Accountability matters: Losses stink but Anderson's standards remain high for Mizzou
COLUMBIA, Mo. -- For most of us, the first year on a new job is always tougher than the second. Not only does it take us a while to become comfortable in a new routine, it takes time to figure out whom we're working with.
No one can hope this is true more than Kim Anderson. If his second season as Missouri's basketball coach is as difficult as has been his first, the former Tigers star player might not be calling this his dream job.
This season has been more of a nightmare so far and it reached a new low Saturday when the Tigers (7-16, 1-9) lost their ninth straight, by 22 points at home to Texas A&M -- and that might not have been the most disappointing development of the day.
Before the game, the Tigers announced that two more players had been suspended indefinitely for violating team policies, upping the total to seven -- including all five freshmen on scholarship -- to be disciplined since the start of the season. It's much quicker to list the scholarship players that haven't gotten into trouble: Johnathan Williams III, Ryan Rosburg, Keanau Post and Keith Shamburger.
At the postgame presser, I asked Anderson a question that when he took the job last May, he probably didn't think he'd be addressing at this point: What is more disappointing for you, the discipline issues or the losing streak?
His reply left no doubt that winning is not priority No. 1:
"I want to win basketball games, but I said this when I was hired and I say it today: I am a teacher. I want to help these kids grow up. If this is the way I can help them, whether we win or lose, that's the way I'm going to do it."
What a noble -- and sincere -- answer. But was it what the majority of Mizzou fans want to hear?
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I have a hard time believing many folks care to spend their hard-earned money to watch the Tigers lose -- even if they're losing with a bunch of churchgoing, honor-roll student-athletes.
Everyone wants both, of course. They want to win and they want the players to be solid citizens. Seems simple enough, but that is a combo that will challenge Anderson every year, none more so than next year. All of this year's losing figures to make recruiting even tougher and with all of the discipline issues, the usual wave of transfers could swell.
While all of the Tigers' freshmen have shown they can handle SEC competition, none have stood out so much that they could not be quickly replaced. Heck, there likely are players Anderson would like to see leave the program.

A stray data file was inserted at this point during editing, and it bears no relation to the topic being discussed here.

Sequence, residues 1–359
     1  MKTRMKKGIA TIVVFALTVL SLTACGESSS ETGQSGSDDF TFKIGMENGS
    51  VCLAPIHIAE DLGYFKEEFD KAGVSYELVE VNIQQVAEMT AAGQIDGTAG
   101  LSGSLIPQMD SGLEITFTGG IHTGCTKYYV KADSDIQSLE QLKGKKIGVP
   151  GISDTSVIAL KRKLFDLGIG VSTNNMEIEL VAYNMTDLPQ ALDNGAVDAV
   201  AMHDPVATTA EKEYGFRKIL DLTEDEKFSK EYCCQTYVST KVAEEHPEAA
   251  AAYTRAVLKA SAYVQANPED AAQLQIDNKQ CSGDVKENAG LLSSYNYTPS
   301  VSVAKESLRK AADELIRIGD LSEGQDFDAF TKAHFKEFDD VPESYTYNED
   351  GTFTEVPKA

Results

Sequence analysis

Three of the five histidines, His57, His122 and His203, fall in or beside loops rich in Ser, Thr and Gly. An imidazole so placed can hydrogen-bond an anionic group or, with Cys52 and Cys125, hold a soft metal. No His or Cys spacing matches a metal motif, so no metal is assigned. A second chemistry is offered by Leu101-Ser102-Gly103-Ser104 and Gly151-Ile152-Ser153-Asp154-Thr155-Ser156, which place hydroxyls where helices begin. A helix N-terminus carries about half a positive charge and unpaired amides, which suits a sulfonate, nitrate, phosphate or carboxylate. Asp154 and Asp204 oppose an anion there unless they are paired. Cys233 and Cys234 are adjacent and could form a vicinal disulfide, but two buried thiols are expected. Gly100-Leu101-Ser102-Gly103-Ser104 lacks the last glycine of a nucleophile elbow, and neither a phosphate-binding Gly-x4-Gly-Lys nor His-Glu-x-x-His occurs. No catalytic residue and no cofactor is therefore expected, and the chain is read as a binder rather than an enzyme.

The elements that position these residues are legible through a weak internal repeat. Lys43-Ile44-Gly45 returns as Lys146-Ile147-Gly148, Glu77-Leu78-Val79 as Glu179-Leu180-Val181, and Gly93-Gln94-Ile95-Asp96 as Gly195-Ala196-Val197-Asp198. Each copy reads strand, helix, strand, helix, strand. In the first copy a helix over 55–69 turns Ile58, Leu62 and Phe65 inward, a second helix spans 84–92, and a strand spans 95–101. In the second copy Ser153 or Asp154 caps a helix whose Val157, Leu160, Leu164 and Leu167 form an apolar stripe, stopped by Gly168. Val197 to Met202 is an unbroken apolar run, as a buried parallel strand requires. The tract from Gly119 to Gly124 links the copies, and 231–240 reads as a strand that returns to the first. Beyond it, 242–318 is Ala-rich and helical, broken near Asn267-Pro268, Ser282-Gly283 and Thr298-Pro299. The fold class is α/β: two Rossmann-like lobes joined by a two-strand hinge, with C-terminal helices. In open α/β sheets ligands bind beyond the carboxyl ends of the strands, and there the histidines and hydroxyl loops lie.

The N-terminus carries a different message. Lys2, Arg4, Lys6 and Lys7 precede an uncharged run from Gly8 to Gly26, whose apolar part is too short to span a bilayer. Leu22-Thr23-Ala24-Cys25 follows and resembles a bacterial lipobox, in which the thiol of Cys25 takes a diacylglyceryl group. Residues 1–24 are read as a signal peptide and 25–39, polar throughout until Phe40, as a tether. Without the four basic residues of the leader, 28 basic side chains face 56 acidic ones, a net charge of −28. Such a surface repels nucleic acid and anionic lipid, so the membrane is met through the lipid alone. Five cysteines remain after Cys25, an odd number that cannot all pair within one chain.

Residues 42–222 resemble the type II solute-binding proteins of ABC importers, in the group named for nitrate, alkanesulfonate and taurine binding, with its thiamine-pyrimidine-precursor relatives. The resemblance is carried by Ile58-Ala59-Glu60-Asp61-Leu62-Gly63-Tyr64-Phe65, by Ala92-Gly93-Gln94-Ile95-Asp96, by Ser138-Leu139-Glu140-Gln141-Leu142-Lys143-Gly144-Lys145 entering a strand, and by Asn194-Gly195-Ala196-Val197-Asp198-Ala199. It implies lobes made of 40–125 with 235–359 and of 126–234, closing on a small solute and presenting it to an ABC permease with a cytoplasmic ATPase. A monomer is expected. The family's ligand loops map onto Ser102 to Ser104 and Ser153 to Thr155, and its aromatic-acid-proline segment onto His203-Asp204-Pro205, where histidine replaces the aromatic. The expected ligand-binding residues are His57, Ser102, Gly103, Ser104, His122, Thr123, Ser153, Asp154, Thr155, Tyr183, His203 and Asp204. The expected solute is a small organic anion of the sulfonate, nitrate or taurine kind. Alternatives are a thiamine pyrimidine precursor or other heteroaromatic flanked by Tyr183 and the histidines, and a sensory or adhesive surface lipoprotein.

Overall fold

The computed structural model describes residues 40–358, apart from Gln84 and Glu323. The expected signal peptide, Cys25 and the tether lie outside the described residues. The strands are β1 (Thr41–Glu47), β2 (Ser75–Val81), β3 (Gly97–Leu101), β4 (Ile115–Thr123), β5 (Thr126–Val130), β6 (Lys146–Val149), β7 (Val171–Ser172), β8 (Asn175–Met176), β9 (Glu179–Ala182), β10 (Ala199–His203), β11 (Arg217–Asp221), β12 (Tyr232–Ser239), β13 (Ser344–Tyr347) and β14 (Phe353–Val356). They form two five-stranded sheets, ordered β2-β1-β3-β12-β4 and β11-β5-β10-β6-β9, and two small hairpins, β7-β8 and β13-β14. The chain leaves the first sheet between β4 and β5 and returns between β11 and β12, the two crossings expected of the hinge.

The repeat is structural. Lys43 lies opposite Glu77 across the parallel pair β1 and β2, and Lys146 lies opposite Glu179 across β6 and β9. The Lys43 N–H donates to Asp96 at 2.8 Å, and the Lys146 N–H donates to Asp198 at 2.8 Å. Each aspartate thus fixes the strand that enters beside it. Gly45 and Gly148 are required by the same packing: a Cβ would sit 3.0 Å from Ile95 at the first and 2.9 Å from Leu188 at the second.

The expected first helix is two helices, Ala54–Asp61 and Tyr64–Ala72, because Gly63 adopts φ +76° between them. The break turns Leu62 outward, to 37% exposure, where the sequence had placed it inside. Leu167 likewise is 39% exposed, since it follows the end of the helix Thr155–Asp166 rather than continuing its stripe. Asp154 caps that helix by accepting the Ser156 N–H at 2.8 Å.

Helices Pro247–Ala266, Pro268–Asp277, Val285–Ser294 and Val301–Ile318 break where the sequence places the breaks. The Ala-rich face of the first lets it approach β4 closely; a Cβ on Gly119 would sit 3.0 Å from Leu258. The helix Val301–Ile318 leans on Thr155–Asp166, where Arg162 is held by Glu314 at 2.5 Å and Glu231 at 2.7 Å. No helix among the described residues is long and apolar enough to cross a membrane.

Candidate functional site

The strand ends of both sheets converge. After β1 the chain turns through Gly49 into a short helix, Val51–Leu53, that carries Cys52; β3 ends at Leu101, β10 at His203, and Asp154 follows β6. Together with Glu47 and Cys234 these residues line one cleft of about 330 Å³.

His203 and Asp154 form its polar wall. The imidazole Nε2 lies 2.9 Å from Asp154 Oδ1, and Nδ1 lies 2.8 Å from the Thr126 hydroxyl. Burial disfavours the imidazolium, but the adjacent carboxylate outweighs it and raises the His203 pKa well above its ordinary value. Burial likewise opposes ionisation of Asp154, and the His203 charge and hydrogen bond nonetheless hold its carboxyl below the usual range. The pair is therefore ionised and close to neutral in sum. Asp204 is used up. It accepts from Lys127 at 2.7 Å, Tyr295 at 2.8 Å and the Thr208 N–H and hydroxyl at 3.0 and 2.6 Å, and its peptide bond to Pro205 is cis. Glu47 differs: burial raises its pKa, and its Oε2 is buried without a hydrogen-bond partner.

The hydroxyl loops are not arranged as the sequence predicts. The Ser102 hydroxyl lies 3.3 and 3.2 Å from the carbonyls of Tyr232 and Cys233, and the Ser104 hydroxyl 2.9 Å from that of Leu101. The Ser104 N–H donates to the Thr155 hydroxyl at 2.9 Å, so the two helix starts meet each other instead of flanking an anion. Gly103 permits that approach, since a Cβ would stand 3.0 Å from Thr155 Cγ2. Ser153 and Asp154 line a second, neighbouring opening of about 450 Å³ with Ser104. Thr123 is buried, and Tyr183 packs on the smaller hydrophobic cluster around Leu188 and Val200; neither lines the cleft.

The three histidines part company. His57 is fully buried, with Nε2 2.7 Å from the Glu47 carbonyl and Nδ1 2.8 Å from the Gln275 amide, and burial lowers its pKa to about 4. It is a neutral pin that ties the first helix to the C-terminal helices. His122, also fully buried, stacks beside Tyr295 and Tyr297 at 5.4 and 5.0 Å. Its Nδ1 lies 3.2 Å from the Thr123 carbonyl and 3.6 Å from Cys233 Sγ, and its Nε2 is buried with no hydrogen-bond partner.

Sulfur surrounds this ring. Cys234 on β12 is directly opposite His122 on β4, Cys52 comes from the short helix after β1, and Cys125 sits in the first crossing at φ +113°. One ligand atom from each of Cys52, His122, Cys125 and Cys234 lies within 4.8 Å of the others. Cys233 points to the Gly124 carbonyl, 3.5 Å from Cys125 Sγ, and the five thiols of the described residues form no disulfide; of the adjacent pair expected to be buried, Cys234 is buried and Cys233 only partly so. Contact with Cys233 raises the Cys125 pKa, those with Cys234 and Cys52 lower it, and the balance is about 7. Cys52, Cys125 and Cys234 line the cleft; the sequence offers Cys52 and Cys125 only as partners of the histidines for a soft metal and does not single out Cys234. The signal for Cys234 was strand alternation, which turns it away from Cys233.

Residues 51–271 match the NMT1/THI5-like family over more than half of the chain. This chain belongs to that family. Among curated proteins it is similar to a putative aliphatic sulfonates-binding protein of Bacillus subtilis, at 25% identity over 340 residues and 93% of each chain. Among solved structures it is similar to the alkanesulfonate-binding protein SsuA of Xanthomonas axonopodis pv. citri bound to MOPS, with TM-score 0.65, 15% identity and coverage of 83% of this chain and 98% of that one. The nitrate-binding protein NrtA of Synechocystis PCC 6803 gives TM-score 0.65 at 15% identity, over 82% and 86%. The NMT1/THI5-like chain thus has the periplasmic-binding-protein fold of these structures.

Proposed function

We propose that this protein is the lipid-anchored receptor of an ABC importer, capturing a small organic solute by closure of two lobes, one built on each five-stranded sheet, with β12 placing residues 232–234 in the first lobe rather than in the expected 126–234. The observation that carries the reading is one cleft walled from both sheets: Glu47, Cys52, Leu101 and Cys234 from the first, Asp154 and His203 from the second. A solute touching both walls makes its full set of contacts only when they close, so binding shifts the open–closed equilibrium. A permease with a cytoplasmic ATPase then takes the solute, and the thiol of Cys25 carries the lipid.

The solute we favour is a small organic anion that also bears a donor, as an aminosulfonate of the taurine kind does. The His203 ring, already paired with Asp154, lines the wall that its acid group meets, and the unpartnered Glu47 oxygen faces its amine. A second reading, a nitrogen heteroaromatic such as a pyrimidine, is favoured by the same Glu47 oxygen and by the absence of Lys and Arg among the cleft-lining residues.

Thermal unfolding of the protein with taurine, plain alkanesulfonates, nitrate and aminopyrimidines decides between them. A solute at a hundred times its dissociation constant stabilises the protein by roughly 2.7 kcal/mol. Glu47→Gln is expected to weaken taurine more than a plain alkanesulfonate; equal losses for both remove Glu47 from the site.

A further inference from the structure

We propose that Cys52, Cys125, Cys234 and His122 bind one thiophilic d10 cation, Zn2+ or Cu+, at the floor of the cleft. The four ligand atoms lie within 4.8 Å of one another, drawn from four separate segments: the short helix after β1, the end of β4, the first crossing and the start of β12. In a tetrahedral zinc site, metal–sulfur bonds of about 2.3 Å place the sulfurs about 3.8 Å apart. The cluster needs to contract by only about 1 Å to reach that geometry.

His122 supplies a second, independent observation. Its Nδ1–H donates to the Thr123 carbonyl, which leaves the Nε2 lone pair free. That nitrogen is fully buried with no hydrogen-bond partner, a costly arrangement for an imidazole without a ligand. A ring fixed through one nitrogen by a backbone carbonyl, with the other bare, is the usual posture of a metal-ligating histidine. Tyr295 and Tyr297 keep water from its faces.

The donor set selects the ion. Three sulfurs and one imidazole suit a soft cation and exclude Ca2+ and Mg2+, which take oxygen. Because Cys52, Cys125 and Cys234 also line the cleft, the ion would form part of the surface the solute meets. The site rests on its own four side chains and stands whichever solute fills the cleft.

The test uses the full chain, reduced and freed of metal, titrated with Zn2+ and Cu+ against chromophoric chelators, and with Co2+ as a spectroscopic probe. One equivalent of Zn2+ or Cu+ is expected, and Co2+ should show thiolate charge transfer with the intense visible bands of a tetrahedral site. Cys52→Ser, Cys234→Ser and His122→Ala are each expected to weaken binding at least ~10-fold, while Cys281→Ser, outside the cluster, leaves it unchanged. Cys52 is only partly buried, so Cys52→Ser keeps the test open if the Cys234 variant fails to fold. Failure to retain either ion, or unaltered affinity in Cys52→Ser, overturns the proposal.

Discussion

Of course, the more players who leave, the more newcomers he will have to break in next season. Unless you're Kentucky or another of the bluebloods that attract the one-and-doners, playing newcomers is not conducive to winning. And losing is not conducive to successful recruiting. Another year like this one and you could see how the vicious cycle develops.
No one was expecting a whole lot out of Missouri this year because of the situation that Anderson entered. He inherited a team that lost its three leading scorers and he was hired late in the recruiting process. He was credited with doing a nice job to land (or retain from Frank Haith's recruiting) the five freshmen he did. It looked like a strong step in backing up his statement that he did not want to build a program around transfers.
Now turning these stud high schoolers into productive college players who can stay eligible has proven no less difficult than game-planning for Kentucky. Anderson is no Bobby Knight-type taskmaster, either. He knows times have changed.
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When Anderson played at Missouri, coach Norm Stewart harped on his players about staying clean-shaven. Anderson laughed at such a trivial concern these days. He likened it to forbidding earrings, which he could not even pull off for long at Division II Central Missouri.
"I fought earrings for two years and I said, 'This ain't worth it,'" Anderson said. "I spent all my time saying, 'Take your earrings out.' You have to pick your spots."
Anderson has not and does not figure to disclose the transgressions of the most recently suspended, freshmen Namon Wright and Tekie Gill-Caesar, but you can be sure they did more wrong than make a dubious fashion statement.
When Anderson was asked if he has any rules like Stewart, the new coach said he doesn't allow his players to wear hats inside the dining hall.
Anything else? "You want more," he asked, and while he was laughing, he had made a point. You can ask for only so much these days.
Heck, Anderson sounded pleased that the two Tigers he brought with him to the postgame presser, sophomore Wes Clark and freshman Jakeenan Gant, did not wear hoodies and replied to questions with something more than a mumble.
"I got tired of coming in here and (seeing) our guys in here and have their coat on and it's like 72 degrees and they would come in and sit like this (slouched). (And answer) 'Yeah, yeah,'" Anderson said.
"So after the game, teachable moment. I'm like, 'Wes, you and Jakeenan are coming in with me and you're going to sit up there and you're going to enunciate your words correctly and you're going to sit up.' I would give them both at least an A-minus. So we taught them something. That's good. That's common courtesy."
Yes, but it also showed how far he has to go. Though it doesn't happen often, his second year could be just as tough as this one.